Gannon mounted immediately afterwards and without further talk we rode to rejoin Cromm, who sitting on a rotten log.  Gannon greeted him with a high wave.

"Well, the man asked."

My companion's reply told the rebel very little, except that I was no spy and that he had promised to escort me to a certain destination that, at present, would have to remain confidential.

"When will you be back?" Cromm asked dubiously.

"I don't know.  As soon as possible."

I spurred on past them, impatient to find Elekta and make my womanhood no more than a fading memory.  Gannon caught up a moment later and we continued on for about half a league without speaking.  Suddenly, I heard my friend behind me say:  "I'm glad you're back, Rod."

I thought about that, especially about the terrible cost of my return, and eventually replied.  "Thanks.  It's better than being dead, I suppose -- but not much better."

He laughed nervously.
By latter afternoon we were crossing into open farming country, well along the road to Gan-Cann.  The meadows there were peppered with steep hummocks.  Beyond the hilly area, the land opened into pasturage and recently-plowed fields.  The farther on we traveled, the more at ease I felt.  Having a trusted comrade made had made a great difference to my state of mind.

All through those equestrian hours, Gannon hardly let on how much my change of appearance must have shocked him, even though he kept up a friendly banter about sundry other subjects.  

"Who replaced me as leader of the band?" I finally asked.  "Lairgann?"

He grimaced, as if he supposed that I would not like the answer.  "No.  At first it looked like Lairgann was taking over, but it didn't work out."

"Why not?"

"He blamed himself for involving Cawdour and getting him trapped.  Also, Scaith's capture ate on him.  He took himself out of the contention."

"What about Ceann?  Didn't he feel for her?"

"She's a lovely lady, but she wasn't asked to go with you.  She insisted and her misfortune is on her own head."

"I thought you liked her?"
"I did -- do!  But a rebel camp was no place for a lady.  Anyway, you made every man in the band jealous that you had a woman adventurous enough to want to try and keep up with us."

I changed the subject.  "So who did our friends finally choose?"

With a frown he said, "You're not going to like this."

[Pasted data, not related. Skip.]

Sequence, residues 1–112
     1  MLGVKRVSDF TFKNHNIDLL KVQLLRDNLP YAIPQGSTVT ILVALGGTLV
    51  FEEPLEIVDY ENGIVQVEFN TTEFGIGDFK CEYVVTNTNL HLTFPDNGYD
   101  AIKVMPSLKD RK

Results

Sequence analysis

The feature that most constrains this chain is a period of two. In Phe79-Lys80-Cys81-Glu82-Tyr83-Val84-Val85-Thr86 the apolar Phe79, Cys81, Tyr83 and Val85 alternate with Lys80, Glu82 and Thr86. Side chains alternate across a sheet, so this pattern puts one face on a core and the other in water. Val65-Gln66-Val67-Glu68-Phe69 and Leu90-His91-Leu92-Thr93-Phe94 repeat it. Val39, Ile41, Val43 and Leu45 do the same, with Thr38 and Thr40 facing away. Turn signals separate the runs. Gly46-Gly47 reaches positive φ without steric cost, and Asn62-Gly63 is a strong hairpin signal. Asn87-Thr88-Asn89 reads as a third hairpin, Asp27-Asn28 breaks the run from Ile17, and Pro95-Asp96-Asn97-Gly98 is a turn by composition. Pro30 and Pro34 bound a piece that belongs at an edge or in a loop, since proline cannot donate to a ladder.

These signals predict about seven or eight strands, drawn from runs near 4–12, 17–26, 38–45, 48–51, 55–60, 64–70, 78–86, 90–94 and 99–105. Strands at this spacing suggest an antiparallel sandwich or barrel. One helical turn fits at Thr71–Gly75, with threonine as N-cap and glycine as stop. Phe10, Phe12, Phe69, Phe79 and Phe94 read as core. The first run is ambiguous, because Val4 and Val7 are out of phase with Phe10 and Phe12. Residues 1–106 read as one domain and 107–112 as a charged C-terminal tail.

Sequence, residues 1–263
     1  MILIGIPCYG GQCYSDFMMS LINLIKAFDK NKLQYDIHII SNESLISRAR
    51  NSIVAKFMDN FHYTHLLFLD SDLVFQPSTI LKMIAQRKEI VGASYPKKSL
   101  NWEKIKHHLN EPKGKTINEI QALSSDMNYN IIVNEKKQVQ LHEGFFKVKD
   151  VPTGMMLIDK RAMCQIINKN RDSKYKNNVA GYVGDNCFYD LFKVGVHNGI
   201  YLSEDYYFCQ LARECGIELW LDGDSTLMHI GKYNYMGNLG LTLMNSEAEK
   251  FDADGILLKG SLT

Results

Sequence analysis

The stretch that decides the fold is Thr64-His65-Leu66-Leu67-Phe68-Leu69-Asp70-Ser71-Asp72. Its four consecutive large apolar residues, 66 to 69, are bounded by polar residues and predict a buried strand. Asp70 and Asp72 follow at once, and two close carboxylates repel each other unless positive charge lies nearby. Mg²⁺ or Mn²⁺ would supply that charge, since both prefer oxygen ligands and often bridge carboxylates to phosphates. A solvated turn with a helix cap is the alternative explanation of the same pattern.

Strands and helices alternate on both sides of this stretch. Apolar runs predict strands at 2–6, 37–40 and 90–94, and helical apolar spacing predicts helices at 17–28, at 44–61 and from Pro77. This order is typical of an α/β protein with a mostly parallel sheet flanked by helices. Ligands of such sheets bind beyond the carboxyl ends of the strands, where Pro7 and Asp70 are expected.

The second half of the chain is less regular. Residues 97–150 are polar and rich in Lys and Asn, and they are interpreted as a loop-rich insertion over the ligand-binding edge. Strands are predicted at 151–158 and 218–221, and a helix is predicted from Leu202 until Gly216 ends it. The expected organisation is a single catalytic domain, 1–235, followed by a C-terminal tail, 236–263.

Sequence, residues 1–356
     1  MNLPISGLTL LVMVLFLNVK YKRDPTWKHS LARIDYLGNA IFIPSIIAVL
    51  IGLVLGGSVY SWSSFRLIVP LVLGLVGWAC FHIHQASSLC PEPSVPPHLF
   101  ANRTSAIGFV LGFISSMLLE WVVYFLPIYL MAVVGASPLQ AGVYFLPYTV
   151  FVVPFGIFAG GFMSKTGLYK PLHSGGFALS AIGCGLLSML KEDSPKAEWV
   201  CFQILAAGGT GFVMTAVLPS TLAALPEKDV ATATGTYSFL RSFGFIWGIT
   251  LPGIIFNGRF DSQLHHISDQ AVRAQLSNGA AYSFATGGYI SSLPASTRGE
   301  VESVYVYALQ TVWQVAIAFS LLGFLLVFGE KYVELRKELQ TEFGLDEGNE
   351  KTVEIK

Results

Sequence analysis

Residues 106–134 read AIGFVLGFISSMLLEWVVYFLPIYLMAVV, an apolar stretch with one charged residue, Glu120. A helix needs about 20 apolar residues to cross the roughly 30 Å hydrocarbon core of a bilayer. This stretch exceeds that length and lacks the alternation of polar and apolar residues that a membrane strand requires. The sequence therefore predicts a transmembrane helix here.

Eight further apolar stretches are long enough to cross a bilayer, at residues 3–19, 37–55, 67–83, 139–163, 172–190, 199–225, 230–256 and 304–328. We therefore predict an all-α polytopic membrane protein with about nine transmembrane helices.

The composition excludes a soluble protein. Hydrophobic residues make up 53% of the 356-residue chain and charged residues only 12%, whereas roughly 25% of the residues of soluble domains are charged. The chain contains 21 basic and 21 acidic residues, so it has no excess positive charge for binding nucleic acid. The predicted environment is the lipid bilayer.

"I haven't liked anything that's happened to me lately!  Just spit it out!"


"Cemion?!"  The sound of that disagreeable name had at last torn down the dusty curtain that was clouding my memory.  Now I realized whom it had been that had suggested my mercy killing when I lay paralyzed along Cymog Road.  It had been Cemion! 

My knuckles, tight upon the reins, went white.  "By the gods, why Cemion?" It was as if the men had deliberately spited me by choosing my detractor and rival.

"He's a good man and a brave fighter."

"You like the choice, then?

He raised his chin.  "What if I do?  What's wrong with Cemion?"

"For one thing, he's only been with the band for a year."

"Rod -- you were only with it a year before they made you captain, remember?"

I let that pass.  "And another thing, he's too contrary!"

Gannon shook his head.  "He was only contrary with you.  He gets along swimmingly with everybody else."

"So what are you saying?"

"You two were like a pair of rams in the same flock, always butting heads, each trying to run the other one out.  But he has the making of a good commander."

"I don't think so!" I said.  The reasons I thought so didn't come to mind immediately; therefore I just fumed in silence until we stopped at a roadside inn.  In the course of a hearty meal my disposition mended and Gannon likewise grew more relaxed, his acerbic wit gradually resurfacing.

"You walk funny for a girl, Rod," my idiot friend observed, "like you're still clumping around in boots.  Look at the way real women walk.  See that joy-maid over there --"

I kicked his shin. 

Our meal finished, we learned from the innkeeper that there was only one room to let, so we shared it.

"I'll throw my roll on the floor," Gannon suggested.

This struck me as slightly unreal.  It seemed as though he was treating me like a lady.  Not long before, the two of us would have thought nothing of sleeping side by side upon a bed that was wide enough to hold us.  But now, without even discussing the subject, we had simultaneously grasped the fact that something important had changed.

"Why volunteer to be uncomfortable?" I fired back.  "I can sleep on the floor just as well."

"It'll hurt your back."

"And you have a sore leg.  I'll be fine!  Don't make an issue out of it!"

"I'm not making an issue out of it, you are!"

We bickered but, in the end, I took the bed.  Gannon's knightly honor demanded it.